Drivers Are Confused By Daytime Running Lights
Daytime running lights are poorly understood and are confusing motorists in the UK, according to to new research conducted by the RAC. The lights, which are designed to increase a car’s visibility in daylight conditions, were made mandatory for all cars and vans in the EU from 2011 in order to improve safety on member states’ roads.
The lights automatically switch on when the engine is started and switch off when the main headlights are activated. Their function isn’t to increase road visibility for drivers, but instead is meant to help other vehicles see the car; which is why the lights are relatively dim. Whilst they haven’t been mandatory for long in automotive terms, they have a long history. They were made mandatory in Sweden, for instance, back in the 70s due to the country’s long winters and poor daylight visibility.
Car manufacturers are required to install daytime running lights at the front of their vehicles but not at the back. Despite this, many elect to install them at the rears of their models, too. The RAC believes that it’s this trend that’s causing so much confusion for motorists as they believe, incorrectly, that they don’t need to turn on sidelights or dipped lights; instead assuming that daytime running lights are automatically activating at the rear of the vehicle when the engine is started. In a survey of over 2,000 drivers, the RAC discovered that one in ten drivers had come across vehicles that lacked rear lights in dim conditions but did have lights on at the front. The survey also revealed that 47% of the drivers stated that their cars most frequently have daytime lights running and 14% said they had them at the front and rear of their vehicles.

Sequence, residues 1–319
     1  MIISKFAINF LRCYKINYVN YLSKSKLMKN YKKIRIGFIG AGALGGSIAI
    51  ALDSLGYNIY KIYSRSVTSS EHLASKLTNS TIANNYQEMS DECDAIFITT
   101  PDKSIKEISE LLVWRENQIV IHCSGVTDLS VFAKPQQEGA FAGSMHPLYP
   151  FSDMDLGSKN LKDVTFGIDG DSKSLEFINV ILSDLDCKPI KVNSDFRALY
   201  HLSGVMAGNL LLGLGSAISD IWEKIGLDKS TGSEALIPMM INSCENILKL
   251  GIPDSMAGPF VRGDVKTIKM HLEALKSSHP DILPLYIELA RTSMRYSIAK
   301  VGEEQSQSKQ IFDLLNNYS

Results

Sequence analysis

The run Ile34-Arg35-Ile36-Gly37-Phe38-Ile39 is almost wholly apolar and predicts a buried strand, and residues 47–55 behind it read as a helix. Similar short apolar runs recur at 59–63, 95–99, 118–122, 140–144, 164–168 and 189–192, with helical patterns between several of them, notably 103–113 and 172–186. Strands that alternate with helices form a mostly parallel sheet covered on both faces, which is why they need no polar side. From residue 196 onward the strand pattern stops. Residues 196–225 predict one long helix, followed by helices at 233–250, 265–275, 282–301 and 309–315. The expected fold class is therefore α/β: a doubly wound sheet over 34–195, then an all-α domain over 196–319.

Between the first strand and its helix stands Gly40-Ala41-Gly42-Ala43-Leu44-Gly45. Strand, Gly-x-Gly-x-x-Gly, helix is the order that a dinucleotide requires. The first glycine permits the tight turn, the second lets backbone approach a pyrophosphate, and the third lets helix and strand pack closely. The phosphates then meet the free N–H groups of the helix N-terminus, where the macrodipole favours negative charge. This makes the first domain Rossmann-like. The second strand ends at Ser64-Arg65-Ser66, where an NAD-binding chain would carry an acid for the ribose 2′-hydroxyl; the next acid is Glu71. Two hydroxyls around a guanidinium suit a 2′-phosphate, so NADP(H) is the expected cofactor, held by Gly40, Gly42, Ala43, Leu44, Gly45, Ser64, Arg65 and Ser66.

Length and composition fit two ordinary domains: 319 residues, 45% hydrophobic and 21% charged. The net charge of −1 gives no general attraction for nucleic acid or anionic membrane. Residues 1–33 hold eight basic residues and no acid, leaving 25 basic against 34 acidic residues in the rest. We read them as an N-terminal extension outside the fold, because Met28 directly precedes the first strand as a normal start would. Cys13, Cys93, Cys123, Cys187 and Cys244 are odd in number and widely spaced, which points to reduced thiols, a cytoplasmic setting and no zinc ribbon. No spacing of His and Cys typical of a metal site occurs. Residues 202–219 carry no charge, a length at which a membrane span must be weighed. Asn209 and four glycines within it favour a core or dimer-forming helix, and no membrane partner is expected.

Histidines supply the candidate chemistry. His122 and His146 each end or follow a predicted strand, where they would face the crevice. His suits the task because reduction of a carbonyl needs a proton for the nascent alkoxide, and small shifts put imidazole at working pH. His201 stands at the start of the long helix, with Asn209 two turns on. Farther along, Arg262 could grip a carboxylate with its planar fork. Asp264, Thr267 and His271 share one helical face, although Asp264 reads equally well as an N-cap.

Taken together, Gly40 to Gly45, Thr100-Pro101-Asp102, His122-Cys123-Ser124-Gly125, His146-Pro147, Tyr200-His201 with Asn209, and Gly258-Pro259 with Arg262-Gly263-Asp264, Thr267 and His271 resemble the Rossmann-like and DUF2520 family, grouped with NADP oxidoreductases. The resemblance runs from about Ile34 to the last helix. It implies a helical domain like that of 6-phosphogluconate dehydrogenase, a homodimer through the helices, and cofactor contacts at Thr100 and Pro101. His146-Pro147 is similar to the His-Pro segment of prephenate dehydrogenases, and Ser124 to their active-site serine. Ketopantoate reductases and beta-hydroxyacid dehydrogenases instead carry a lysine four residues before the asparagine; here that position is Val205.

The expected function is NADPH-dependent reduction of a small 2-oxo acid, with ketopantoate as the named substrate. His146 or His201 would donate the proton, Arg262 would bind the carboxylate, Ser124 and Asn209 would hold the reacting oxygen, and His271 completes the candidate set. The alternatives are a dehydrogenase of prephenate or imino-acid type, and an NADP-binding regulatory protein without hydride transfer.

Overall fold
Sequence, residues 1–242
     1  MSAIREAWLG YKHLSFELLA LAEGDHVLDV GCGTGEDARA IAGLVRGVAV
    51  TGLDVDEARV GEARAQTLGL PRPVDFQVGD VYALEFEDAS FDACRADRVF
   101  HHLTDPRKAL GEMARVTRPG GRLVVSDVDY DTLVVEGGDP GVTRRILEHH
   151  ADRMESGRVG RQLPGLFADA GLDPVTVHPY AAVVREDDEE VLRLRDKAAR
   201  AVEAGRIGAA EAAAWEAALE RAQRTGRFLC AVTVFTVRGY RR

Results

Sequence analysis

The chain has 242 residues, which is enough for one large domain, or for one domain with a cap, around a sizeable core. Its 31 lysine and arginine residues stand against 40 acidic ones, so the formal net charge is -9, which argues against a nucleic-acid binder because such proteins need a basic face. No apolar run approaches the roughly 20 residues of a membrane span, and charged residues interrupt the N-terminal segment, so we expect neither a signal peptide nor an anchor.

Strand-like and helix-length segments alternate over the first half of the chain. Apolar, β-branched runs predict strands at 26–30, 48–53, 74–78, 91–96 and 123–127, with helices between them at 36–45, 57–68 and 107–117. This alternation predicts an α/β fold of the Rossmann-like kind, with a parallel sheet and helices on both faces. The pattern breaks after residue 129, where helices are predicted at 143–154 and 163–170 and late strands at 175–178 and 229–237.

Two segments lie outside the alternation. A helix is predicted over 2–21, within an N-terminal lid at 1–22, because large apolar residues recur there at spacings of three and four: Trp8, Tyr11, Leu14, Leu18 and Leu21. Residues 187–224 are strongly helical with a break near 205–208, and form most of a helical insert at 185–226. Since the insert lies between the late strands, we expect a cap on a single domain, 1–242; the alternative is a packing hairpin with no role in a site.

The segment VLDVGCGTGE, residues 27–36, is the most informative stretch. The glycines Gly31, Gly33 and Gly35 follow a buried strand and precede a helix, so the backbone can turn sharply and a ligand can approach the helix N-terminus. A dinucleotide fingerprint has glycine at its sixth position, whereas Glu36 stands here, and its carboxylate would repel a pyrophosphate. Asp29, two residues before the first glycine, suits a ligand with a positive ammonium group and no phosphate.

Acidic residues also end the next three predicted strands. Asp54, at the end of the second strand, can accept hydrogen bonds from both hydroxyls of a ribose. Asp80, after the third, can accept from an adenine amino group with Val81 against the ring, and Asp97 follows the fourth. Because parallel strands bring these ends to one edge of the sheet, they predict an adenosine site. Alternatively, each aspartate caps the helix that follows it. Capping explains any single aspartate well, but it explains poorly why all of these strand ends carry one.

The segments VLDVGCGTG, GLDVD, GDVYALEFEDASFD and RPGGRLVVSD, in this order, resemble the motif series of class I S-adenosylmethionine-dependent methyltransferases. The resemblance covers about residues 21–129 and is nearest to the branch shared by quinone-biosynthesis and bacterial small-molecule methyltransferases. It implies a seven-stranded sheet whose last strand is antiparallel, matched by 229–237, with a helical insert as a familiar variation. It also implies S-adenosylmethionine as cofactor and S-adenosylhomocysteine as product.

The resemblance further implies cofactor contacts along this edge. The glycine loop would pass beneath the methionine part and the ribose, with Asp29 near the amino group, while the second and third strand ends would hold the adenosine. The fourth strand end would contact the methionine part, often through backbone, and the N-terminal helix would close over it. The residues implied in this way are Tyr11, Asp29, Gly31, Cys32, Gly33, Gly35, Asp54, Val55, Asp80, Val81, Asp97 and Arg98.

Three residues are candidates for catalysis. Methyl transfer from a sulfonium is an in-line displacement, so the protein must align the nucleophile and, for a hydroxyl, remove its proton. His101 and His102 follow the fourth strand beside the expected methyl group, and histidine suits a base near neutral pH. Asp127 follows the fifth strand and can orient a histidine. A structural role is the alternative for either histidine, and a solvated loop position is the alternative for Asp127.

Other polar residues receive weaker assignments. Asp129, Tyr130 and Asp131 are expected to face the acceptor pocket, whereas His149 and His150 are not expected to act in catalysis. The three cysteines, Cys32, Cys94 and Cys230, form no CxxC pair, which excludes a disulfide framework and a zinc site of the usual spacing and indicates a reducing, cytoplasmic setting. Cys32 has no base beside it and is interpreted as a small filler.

Pete Williams, a safety spokesman for the RAC, said “this is potentially a very worrying finding as it implies that many motorists are driving without any rear lights believing that because they have running lights that switch on automatically at the front, they are also on at the rear.” He added, “alternatively, and arguably just as concerning, these drivers could simply have decided the light conditions were not bad enough to merit turning on their dipped lights or sidelights.”
The effectiveness of daytime running lights is still routinely debated, with research and studies yielding differing results. A study conducted in Europe in 2003 suggested that they’d lead to collisions being reduced between 5% and 15%. However, a more recent study conducted in America suggested only a 0.3% reduction. Williams, however, doesn’t doubt their effectiveness but instead believes drivers need to take more time to understand their vehicles. He said, “while daytime running lights are clearly bringing a very valuable safety benefit to the UK’s roads, it would be good for every driver to take just a few minutes to make sure they know whether the vehicles they drive have them or not. And if they do, then check to see if they have them at the rear as well as the front.”
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